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By Brian C. Vick and C. Elizabeth Hall
In its March 2014 Compendium of Priority Recommendations (the “Compendium”), the Office of the Inspector General of the United States Department of Health and Human Services (“OIG”) identified a number of prescription drug-related priorities that will be of concern to any pharmacy that accepts Part D plans. OIG uses the Compendium to summarize the top recommendations related to waste, fraud, and abuse that it has made in the past, but that have yet to be acted on or implemented. Thus, much like OIG’s annual Work Plan, the Compendium gives entities that bill Medicare a good window on the payment issues that CMS and its contractor are likely to be focusing on in the coming years. In the 2014 Compendium, OIG highlighted the need to implement stronger controls over Medicare Part D claims in order to address a number of billing issues that it had identified through various reviews of claims submitted by retail pharmacies.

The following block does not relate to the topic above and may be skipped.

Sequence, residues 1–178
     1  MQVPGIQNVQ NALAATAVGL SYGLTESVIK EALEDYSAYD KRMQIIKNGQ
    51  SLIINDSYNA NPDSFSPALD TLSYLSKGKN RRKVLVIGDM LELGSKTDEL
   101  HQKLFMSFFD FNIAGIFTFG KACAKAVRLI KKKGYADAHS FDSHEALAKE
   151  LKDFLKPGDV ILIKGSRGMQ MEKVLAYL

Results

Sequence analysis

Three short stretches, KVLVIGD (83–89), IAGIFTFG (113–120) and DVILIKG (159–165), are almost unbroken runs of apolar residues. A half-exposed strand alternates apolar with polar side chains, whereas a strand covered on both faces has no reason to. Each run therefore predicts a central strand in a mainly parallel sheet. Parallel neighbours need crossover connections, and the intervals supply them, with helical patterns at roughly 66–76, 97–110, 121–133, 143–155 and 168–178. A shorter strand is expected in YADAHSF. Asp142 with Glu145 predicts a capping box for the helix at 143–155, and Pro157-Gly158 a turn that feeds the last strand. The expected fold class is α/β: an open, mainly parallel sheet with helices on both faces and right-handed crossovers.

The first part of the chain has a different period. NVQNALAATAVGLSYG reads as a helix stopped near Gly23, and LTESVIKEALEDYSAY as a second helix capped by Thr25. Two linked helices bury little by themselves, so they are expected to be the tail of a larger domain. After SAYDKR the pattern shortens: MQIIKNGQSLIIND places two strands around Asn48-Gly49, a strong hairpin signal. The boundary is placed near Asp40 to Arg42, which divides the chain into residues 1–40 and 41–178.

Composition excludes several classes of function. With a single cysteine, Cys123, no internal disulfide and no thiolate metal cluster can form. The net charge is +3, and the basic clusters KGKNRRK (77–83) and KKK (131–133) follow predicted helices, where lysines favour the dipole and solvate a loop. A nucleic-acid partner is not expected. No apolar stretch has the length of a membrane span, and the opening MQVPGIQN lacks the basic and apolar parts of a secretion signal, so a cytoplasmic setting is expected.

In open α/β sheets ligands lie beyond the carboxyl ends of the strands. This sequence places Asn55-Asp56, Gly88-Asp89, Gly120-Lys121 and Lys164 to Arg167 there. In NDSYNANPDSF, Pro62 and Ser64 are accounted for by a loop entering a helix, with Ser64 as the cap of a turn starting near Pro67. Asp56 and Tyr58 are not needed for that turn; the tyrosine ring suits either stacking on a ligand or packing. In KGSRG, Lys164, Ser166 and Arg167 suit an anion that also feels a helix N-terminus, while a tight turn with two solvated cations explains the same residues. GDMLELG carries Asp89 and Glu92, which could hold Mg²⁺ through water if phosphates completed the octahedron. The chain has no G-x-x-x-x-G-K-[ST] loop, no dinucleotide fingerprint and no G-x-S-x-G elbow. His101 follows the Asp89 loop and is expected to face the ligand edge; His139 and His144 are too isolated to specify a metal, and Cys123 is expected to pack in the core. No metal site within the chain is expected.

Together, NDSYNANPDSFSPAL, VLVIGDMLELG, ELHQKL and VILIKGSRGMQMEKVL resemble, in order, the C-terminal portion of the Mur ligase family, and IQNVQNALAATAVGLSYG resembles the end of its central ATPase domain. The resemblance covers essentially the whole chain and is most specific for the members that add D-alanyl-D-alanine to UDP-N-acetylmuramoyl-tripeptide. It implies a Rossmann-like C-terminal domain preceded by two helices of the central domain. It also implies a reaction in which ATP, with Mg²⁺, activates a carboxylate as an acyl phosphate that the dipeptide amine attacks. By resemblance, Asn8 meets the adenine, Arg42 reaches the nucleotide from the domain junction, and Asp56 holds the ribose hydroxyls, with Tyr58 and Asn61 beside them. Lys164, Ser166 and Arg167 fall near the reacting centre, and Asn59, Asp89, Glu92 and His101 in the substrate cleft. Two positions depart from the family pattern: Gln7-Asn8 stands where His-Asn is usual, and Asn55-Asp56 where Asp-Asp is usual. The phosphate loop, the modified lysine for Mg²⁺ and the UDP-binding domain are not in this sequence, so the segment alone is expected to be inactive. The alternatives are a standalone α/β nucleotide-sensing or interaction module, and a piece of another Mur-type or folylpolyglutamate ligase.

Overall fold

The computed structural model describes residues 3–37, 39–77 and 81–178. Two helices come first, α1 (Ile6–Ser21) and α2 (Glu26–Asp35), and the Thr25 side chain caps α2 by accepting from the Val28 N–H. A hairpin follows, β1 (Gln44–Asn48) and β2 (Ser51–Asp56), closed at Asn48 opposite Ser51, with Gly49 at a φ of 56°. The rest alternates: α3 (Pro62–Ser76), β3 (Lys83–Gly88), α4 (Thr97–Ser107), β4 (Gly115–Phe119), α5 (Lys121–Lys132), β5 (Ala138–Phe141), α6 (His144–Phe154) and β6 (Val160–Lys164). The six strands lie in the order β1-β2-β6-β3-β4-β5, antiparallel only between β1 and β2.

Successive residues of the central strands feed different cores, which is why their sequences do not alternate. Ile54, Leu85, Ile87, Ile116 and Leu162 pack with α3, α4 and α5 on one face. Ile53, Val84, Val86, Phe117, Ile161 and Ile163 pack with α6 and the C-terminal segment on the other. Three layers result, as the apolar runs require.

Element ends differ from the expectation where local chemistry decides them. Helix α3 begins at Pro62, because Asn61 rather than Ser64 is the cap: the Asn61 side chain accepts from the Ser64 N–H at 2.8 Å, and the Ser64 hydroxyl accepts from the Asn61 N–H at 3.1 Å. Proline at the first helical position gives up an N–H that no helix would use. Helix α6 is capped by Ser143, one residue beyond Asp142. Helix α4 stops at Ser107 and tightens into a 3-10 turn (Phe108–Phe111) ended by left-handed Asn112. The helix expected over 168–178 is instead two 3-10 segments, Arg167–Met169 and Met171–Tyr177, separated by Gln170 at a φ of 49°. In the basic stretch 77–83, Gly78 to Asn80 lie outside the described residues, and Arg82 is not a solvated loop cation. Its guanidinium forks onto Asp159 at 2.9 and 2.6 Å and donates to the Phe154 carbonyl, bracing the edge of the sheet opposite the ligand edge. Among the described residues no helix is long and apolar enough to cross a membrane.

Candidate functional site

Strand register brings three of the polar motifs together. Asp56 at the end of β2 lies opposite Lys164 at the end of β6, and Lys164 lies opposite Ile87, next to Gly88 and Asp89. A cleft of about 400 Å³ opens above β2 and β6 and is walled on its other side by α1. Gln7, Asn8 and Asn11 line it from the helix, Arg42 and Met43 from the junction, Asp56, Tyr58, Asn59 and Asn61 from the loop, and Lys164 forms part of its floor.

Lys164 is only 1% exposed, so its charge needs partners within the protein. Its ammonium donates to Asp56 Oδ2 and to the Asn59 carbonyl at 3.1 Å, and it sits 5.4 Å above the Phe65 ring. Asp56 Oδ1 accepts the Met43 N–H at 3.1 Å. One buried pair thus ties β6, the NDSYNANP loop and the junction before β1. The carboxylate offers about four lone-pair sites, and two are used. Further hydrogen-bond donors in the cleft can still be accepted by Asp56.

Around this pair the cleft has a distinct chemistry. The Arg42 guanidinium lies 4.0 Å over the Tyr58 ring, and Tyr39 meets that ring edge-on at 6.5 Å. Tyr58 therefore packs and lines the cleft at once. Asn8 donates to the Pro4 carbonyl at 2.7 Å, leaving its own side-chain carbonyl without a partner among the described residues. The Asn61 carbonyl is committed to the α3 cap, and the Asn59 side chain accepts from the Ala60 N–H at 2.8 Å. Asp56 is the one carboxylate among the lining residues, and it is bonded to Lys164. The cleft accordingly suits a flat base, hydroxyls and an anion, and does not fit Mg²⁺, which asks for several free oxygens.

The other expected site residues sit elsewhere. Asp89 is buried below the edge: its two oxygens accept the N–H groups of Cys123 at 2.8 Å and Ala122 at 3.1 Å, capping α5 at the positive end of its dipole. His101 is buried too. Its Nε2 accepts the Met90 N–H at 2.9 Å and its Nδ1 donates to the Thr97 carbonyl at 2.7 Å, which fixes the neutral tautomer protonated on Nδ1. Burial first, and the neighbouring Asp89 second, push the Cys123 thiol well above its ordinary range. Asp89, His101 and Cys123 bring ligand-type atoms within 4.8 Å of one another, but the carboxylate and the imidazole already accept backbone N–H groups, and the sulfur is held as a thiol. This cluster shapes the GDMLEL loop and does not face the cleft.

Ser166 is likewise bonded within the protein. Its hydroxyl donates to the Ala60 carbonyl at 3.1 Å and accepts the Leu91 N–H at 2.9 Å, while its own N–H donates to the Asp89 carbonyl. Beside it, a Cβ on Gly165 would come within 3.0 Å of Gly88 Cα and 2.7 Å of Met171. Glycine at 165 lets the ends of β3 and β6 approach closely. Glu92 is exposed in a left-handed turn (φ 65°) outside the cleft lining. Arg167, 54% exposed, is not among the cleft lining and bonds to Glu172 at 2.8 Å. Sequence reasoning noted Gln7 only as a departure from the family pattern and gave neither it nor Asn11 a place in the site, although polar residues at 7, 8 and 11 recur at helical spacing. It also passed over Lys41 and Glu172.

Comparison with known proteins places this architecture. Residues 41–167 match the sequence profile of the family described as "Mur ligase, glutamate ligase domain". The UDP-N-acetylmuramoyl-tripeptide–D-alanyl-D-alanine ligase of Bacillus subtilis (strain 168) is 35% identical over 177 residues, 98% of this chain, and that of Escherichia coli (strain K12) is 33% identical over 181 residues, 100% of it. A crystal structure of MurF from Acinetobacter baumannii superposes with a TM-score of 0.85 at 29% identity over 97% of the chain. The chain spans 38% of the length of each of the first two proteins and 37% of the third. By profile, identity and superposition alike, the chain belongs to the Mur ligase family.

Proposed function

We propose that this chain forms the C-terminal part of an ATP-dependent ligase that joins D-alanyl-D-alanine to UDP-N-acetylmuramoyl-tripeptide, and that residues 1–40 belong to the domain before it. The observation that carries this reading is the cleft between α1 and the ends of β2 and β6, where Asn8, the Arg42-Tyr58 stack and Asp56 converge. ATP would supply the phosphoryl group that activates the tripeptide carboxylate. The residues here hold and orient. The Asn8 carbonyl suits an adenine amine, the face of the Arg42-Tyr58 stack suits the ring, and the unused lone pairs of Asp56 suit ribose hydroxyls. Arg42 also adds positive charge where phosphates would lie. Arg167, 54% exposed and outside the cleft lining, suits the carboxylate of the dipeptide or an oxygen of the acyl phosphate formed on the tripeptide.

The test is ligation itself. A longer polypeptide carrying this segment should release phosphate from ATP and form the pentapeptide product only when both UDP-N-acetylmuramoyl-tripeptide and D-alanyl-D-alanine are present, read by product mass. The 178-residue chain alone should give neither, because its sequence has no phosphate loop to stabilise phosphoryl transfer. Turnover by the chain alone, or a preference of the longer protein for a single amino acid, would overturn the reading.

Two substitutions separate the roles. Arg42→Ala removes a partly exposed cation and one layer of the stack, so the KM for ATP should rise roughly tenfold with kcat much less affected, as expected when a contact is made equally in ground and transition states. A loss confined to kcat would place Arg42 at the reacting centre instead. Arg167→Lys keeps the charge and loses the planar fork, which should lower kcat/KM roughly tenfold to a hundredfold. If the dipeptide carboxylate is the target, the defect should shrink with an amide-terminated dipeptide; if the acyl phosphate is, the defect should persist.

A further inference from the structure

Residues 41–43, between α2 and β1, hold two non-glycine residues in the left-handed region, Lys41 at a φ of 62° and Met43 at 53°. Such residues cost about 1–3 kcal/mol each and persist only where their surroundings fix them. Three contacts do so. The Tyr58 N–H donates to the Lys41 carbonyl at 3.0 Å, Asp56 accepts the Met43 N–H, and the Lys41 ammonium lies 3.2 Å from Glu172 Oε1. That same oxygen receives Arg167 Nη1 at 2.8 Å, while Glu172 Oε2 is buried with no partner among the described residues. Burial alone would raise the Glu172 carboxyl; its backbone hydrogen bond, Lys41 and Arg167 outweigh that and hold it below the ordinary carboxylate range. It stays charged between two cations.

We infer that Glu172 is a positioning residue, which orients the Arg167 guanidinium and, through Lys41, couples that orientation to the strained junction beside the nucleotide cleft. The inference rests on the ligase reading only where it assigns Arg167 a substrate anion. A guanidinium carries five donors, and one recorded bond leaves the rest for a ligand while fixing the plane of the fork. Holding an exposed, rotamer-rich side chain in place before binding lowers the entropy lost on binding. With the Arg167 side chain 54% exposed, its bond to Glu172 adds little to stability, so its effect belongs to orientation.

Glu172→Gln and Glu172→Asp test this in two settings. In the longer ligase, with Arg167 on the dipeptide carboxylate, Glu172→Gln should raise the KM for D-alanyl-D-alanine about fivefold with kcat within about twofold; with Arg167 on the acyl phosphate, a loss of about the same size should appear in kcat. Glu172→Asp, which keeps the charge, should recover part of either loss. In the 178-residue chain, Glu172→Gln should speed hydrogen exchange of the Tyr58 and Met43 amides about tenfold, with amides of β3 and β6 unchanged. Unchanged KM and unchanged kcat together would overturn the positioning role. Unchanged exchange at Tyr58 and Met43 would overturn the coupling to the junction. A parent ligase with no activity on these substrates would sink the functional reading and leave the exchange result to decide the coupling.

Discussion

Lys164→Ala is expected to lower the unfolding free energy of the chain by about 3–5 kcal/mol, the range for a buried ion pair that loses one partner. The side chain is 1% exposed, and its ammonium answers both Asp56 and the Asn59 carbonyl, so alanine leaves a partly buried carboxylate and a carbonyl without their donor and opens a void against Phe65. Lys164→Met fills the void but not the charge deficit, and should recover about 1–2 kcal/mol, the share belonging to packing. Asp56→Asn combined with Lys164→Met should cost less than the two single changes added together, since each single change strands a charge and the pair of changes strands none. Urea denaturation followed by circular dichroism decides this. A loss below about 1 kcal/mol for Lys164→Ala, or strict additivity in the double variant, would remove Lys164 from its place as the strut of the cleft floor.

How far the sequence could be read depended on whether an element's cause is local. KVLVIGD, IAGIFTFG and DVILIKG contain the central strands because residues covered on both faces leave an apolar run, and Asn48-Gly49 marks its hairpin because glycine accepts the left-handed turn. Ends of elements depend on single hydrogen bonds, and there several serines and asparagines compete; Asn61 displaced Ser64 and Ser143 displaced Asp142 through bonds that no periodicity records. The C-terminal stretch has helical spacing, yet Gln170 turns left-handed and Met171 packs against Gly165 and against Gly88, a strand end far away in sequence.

After identifying these issues, OIG summarized a series of systemic reforms that it recommends implementing in order to root out these types of fraudulent and abusive practices and prevent the associated prescriptions from being reimbursed by Medicare. Although the burden of implementing the recommended reforms will fall to CMS and its contractors, the actual burden of these reforms will fall directly on the retail pharmacies filling the prescriptions. As a result, any pharmacy that is currently accepting Medicare Part D plans should familiarize itself with the issues identified by OIG, conduct a compliance review of its internal systems and processes, and implement any changes necessary to ensure that it is not filling any questionable prescriptions.
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